TENNIS: AUSTRALIAN OPEN
Murray supports restrictions on unvaccinated players at Australian Open
Sports minister Martin Pakula has urged Grand Slam players to vaccinate before travelling to Victoria.
Andy Murray expects unvaccinated players to compete at the Australian Open but says he would support moves by local authorities to impose stricter conditions on them at Melbourne Park than those who have been fully vaccinated against Covid-19.
Victoria sports minister Martin Pakula said on Tuesday that players planning to compete at the first Grand Slam of the year should get vaccinated to give themselves the best chance of competing in Melbourne.
Tennis Australia has declined to comment on arrangements for players based on their vaccination status.
However, vaccinated players are expected to be given more freedom to move around and may also be able to skip the country’s mandatory 14-day quarantine upon arrival.
“My understanding is if you’re unvaccinated you’re still allowed to play, it’s just the rules are going to be different,” Murray told a news conference after Tuesday’s third-round Indian Wells defeat.
“You might just have to leave (for Australia) a few weeks earlier than everyone else. That’s the player’s choice. If the local government puts that in place then I would support that. It would be great if more players got vaccinated.
“Australia, in particular, has been very, very strict over there. The public there have had to endure a painful 18 months or whatever. If people are going to come into the country and potentially risk an outbreak in their community, yeah, that’s understandable.”
World No 4 Zverev, who in April said he had not been vaccinated, did not want to be stuck in the middle of the debate.
“I fully respect the decisions of players that are not vaccinated. I also do respect the decision that the Australian government is giving,” he said.
“I don’t want to be in the middle of something which I kind of am not involved in because I don’t have that issue of the two-week quarantine, all that. I don’t want to go against anybody here.”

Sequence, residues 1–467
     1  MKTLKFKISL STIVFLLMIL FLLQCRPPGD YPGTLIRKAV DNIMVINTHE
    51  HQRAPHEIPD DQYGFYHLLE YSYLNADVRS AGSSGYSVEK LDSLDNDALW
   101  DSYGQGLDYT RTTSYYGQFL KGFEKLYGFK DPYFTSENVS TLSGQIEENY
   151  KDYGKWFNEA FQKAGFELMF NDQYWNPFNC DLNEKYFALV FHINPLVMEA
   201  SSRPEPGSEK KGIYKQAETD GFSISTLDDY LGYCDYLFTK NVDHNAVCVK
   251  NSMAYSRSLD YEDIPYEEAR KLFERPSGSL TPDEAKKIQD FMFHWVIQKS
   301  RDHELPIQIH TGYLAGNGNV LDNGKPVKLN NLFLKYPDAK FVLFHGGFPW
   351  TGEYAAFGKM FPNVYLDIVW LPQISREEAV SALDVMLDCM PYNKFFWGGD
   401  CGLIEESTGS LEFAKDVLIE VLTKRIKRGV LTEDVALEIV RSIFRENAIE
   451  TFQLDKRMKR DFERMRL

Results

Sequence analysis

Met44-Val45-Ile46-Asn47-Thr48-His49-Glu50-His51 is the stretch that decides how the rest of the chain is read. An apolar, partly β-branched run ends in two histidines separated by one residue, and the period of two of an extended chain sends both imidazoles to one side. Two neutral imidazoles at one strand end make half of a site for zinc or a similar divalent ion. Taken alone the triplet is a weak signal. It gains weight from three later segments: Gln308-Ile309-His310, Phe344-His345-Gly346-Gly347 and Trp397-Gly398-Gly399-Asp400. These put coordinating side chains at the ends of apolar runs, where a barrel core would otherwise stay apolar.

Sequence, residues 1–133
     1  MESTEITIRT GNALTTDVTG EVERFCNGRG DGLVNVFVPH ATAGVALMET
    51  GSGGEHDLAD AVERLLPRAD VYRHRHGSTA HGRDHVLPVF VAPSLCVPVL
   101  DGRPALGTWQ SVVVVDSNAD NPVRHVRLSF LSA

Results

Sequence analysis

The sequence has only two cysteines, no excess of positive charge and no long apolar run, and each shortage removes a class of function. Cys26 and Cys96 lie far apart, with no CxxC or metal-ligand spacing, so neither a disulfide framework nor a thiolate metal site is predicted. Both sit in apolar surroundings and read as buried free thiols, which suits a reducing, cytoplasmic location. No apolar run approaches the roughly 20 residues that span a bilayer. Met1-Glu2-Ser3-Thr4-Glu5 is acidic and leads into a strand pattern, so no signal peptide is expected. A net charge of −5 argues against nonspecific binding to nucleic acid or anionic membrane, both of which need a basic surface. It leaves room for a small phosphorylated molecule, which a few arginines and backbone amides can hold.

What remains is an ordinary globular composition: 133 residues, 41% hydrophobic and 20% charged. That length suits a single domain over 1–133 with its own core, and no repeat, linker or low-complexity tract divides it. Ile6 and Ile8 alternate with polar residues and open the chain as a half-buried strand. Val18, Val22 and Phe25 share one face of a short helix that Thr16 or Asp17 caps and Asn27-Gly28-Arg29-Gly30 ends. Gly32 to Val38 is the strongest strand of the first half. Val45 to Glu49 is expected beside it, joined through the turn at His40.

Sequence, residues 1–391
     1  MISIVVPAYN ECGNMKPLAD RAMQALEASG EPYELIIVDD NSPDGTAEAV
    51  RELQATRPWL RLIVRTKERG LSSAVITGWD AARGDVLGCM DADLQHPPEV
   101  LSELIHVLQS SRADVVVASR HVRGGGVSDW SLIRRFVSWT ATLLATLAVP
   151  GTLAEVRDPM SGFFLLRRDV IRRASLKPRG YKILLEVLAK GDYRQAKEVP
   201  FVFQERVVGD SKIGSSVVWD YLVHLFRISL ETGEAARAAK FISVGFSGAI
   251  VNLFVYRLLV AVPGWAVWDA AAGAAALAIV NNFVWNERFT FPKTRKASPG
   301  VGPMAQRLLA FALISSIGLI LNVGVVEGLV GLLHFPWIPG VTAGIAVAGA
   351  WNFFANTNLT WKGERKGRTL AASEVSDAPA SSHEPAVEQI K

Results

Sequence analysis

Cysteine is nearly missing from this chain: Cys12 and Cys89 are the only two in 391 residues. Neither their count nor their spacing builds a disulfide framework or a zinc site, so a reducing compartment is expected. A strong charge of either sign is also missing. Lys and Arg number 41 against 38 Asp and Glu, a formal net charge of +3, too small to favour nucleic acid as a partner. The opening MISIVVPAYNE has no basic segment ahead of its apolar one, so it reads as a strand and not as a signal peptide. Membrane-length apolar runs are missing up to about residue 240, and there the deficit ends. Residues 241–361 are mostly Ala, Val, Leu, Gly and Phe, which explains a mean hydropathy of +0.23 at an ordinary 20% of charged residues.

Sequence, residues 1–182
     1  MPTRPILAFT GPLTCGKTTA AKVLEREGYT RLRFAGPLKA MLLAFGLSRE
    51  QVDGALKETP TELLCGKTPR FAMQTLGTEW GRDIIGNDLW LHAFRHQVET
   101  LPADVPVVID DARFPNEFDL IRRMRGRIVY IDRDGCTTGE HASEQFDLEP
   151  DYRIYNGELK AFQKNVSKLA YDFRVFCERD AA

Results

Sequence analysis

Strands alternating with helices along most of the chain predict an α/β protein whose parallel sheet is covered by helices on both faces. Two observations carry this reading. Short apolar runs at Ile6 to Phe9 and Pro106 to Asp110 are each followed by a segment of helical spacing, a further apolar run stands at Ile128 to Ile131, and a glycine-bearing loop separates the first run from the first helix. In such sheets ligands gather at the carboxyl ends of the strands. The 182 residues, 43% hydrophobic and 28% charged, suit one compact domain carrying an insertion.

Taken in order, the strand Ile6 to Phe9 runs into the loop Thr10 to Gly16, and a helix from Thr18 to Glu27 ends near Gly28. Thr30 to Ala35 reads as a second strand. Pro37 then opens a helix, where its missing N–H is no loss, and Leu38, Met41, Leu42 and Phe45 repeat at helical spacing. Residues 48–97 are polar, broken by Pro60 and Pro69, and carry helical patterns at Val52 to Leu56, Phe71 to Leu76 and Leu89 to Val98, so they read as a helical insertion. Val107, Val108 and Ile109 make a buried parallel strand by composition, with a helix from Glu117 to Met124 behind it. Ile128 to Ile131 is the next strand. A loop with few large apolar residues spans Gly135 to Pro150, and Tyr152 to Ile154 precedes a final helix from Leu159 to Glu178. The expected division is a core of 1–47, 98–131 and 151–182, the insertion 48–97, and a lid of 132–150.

The Australian Open is due to start on 17 January, 2022.
Victoria state, of which Melbourne is the capital, has introduced a vaccine mandate for all professional athletes but authorities have yet to clarify whether athletes from overseas or other Australian states must also vaccinate.
Victoria sports minister Pakula urged players to leave no room for doubt.
“If I was an ATP or WTA player, I’d be getting vaccinated,” Pakula told local radio station SEN.
“That will give them the best opportunity to play in the Australian Open with the more minimal restrictions that might be in place for those people.”
Both the women’s WTA and men’s ATP tours have urged players to get vaccinated but some have expressed reservations, including Australian Open men’s champion Novak Djokovic, who is opposed to vaccine mandates.
Tennis Australia, which organises the Grand Slam, has not disclosed any arrangements for players for the upcoming tournament in January.
But fully vaccinated players are expected to enjoy more freedoms to move around and may be able to avoid the country’s mandatory 14-day quarantine upon arrival.
Australia’s borders remain effectively shut to non-residents, and Pakula said he did not know whether unvaccinated people would be allowed to enter the country by the time the tournament start.
“That’s going to be the subject, I suspect, of discussion at national cabinet and amongst the federal cabinet,” he said.
“As for the rules that might apply around the Australian Open, specifically, we’re in discussions with Tennis Australia and the department of health about that.”
Melbourne has been locked down for months as authorities battle to control an outbreak of the highly infectious Delta variant while rolling out vaccinations.
Victoria will lift some lockdown restrictions when 70% of adults are fully vaccinated, which should be late October according to official projections. DM/Reuters
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